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RE: New AFTF draft.

From: John J. Barton <John_Barton@hpl.hp.com>
Date: Thu, 12 Sep 2002 08:20:53 -0700
Message-Id: <5.1.1.6.2.20020912075313.0268cc40@hplex1.hpl.hp.com>
To: David Orchard <dorchard@bea.com>, "'Henrik Frystyk Nielsen'" <henrikn@microsoft.com>, noah_mendelsohn@us.ibm.com
Cc: "'Carine Bournez'" <carine@w3.org>, "'Christopher B Ferris'" <chrisfer@us.ibm.com>, "'Jean-Jacques Moreau'" <moreau@crf.canon.fr>, "'Herve Ruellan'" <ruellan@crf.canon.fr>, xml-dist-app@w3.org, "'Yves Lafon'" <ylafon@w3.org>

At 08:22 PM 9/11/2002 -0700, David Orchard wrote:
>...
>
>However we express it, I do think we agree about the use of
>representation for attachments, which is the real point of this.

To me the meaning of representation and resource are fundamentally
connected: a "resource" is a abstraction identified by a URI and a
"representation" is the concrete set of bits one obtains from operating
GET on a URI.  Where trouble starts is when we try to run this definition
backwards: every concrete set of bits is not a representation.

Files, database entries, and attachments are all sets of bits.
Attachments have the same standing as the data in a filesystem or a
database behind a server.  When these bits are copied out in response
to a GET they become part of a representation.  Before that they are not
defined in the Web world: they just are neither resources nor representations.

Yes things get a bit fuzzy when we talk about so called local files, but
I think the definitions of resource and representation still hold.  The bits
on the disk drive are outside of the world of resources and representations.
The act of pulling bits named by a URI off the disk causes them to be
(part of) a representation.

Unfortunately for our little brains,  in the most important but "trivial" 
case, the
representation for a resource is bitwise identical with a file.  That is 
the case
for most early Web content: a file was copied out in response to a GET.
In the next most complex case, a server can choose one of several files to
copy out in response to a GET.  It is at this point that we start trying to 
call
these files different "representations" of a "resource".  But we have to
stick to our logic and insist that representations only result from 
dereferencing
a URI.

I will just reiterate that the source of the quandary here is the attempt to
define an implementation -- the nature of attachments -- from the point of
view of an entity -- the SOAP module -- that can, by your own construction,
know only the interface -- the URI.  You just cannot get there from here.
The best you can hope for is to enumerate some example implementations
then disavow their details.

John.

> > -----Original Message-----
> > From: Henrik Frystyk Nielsen [mailto:henrikn@microsoft.com]
> > Sent: Wednesday, September 11, 2002 8:20 AM
> > To: noah_mendelsohn@us.ibm.com; David Orchard
> > Cc: Carine Bournez; Christopher B Ferris; Jean-Jacques Moreau; Herve
> > Ruellan; xml-dist-app@w3.org; Yves Lafon
> > Subject: RE: New AFTF draft.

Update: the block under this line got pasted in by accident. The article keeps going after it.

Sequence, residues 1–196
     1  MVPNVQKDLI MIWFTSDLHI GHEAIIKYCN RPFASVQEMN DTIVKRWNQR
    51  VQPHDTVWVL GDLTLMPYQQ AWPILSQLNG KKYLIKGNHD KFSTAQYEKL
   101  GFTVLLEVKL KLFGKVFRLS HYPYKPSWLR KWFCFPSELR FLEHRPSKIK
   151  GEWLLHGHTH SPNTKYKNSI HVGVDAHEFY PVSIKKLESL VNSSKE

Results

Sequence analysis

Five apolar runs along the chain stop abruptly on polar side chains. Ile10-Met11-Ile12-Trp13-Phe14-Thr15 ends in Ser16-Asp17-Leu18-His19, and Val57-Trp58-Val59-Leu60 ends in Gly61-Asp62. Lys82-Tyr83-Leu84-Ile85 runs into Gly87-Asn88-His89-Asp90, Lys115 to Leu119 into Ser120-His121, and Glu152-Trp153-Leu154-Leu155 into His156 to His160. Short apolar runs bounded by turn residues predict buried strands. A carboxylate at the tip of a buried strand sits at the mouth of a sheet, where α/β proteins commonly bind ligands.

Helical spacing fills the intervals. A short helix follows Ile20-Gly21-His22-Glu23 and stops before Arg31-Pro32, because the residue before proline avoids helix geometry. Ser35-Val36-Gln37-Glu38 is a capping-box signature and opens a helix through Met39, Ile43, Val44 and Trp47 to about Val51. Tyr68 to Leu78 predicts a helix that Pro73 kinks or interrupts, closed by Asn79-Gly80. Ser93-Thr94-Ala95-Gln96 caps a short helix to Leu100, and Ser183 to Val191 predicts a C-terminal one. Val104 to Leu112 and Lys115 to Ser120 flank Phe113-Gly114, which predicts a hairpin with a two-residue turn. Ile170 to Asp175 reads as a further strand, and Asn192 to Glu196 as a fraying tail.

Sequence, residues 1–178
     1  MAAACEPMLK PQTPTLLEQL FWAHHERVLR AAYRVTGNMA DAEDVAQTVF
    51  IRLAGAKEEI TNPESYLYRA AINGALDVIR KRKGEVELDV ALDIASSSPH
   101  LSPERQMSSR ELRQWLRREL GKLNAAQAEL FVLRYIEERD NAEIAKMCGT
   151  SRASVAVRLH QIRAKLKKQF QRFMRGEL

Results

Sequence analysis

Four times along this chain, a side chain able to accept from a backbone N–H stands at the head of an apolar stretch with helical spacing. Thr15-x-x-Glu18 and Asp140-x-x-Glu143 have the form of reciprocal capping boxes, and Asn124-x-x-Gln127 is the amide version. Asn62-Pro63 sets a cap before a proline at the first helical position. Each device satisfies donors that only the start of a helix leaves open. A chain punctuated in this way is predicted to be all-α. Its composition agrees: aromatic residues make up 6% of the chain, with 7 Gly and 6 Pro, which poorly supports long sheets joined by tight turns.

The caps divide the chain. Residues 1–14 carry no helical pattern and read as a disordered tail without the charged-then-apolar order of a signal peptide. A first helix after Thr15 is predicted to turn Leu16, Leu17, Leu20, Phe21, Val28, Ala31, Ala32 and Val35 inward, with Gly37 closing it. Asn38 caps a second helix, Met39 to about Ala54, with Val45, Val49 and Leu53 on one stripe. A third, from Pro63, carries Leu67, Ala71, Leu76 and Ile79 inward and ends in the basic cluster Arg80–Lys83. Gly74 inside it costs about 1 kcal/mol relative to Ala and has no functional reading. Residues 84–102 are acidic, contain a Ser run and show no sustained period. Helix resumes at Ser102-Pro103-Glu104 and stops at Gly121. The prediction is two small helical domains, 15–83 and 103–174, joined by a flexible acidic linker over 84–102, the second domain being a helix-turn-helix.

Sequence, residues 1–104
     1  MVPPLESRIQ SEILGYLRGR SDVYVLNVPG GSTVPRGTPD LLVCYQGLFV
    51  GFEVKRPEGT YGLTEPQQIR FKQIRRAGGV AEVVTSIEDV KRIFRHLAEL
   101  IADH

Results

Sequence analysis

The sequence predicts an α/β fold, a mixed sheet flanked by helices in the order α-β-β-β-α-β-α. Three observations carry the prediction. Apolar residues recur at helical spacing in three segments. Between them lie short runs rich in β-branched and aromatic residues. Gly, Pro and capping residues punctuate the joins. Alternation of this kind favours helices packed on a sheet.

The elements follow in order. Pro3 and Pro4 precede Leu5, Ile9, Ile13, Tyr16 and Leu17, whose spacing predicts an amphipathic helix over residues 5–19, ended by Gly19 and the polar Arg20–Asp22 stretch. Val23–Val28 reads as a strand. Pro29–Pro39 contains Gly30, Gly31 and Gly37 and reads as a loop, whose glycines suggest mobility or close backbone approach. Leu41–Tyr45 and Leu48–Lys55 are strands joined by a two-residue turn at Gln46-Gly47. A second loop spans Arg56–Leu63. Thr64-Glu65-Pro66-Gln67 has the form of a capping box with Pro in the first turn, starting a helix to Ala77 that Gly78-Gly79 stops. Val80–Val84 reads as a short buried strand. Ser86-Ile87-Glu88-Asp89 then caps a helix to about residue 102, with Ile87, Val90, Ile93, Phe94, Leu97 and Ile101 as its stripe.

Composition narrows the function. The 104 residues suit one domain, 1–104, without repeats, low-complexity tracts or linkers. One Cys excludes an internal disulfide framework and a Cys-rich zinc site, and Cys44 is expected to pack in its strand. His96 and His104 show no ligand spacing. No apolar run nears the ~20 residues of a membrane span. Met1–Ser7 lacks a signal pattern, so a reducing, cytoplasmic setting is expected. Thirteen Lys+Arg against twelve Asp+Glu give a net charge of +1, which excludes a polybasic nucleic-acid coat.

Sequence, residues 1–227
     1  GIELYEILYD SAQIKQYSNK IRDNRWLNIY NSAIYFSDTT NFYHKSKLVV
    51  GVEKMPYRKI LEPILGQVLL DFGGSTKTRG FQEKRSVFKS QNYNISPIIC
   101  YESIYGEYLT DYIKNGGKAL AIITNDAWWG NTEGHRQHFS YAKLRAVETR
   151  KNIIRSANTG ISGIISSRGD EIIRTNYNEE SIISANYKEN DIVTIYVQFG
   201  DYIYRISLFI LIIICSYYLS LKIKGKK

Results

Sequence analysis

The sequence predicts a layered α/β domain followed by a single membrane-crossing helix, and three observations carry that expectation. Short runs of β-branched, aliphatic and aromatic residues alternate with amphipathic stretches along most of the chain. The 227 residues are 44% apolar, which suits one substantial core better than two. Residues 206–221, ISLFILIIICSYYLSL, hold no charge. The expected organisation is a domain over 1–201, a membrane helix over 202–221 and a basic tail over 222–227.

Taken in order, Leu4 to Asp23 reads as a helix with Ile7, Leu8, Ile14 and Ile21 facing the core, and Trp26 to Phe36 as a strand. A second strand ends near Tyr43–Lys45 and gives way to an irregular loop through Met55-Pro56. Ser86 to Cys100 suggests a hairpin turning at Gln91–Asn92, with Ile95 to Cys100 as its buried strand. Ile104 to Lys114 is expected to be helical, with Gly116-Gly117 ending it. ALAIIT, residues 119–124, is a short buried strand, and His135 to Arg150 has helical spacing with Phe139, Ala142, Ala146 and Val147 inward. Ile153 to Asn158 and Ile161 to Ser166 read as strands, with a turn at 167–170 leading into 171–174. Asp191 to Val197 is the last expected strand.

> >
> >
> >
> > I would be happy to use the term "representation" but I think
> > it takes a
> > bit more to explain than what Dave proposes.
> >
> > The traditional Web model is that resolving a URI results in a
> > representation of the resource identified by that URI. The "resolver"
> > function is of course late bound and can depend on any number
> > of things.
> > A "resolution" may involve going to DNS, contacting an HTTP
> > server, etc.
> > but the only URI involved is that of the resource. The
> > interesting thing
> > is that there really is no fixed, or even named, concept of a
> > "server".
> >
> > When resolution involves an HTTP server, an FTP server, or
> > even a local
> > file system, we seem to have no problem mapping this model.
> > In the case
> > of a local file system, the resource is the abstract concept
> > of a named
> > entity identified by the URI, the actual file is the representation
> > resulting from the default resolution process.
> >
> > The reason for picking the local file system example is that it is in
> > fact very close to what we see in attachments, rather than
> > being a file
> > system, it is just some other container. However, applying
> > the same Web
> > model, one has a set of URIs identifying resources for which
> > the actual
> > bytes included as attachments constitute the representations of these
> > resources.
> >
> > That is, we never get in the situation where we have to
> > discuss whether
> > bags of bytes are resources or representations, they are always
> > representations.
> >
> > Henrik
> >
> > >I do see both sides to this, but I also think there are some
> > >subtleties (I
> > >must say, I still think the web architecture is broken in
> > the area of
> > >representations.  As I've said before Web arch says:  "everything
> > >important is a resource identified by a URI, representations are
> > >important, representations are not in all cases resources,
> > >representations
> > >are not in all cases identified by and distinguished from other
> > >representations by distinct URIs."  QED.  Feels wrong.  I
> > >think we keep
> > >tripping over it, but I probably don't know what I'm talking about.
> > >Anyway, I'm not sure the answer on what to call the SOAP
> > attachment is
> > >quite so simple thank you!
> >

______________________________________________________
John J. Barton          email:  John_Barton@hpl.hp.com
http://www.hpl.hp.com/personal/John_Barton/index.htm
MS 1U-17  Hewlett-Packard Labs
1501 Page Mill Road              phone: (650)-236-2888
Palo Alto CA  94304-1126         FAX:   (650)-857-5100
Received on Thursday, 12 September 2002 11:20:59 GMT

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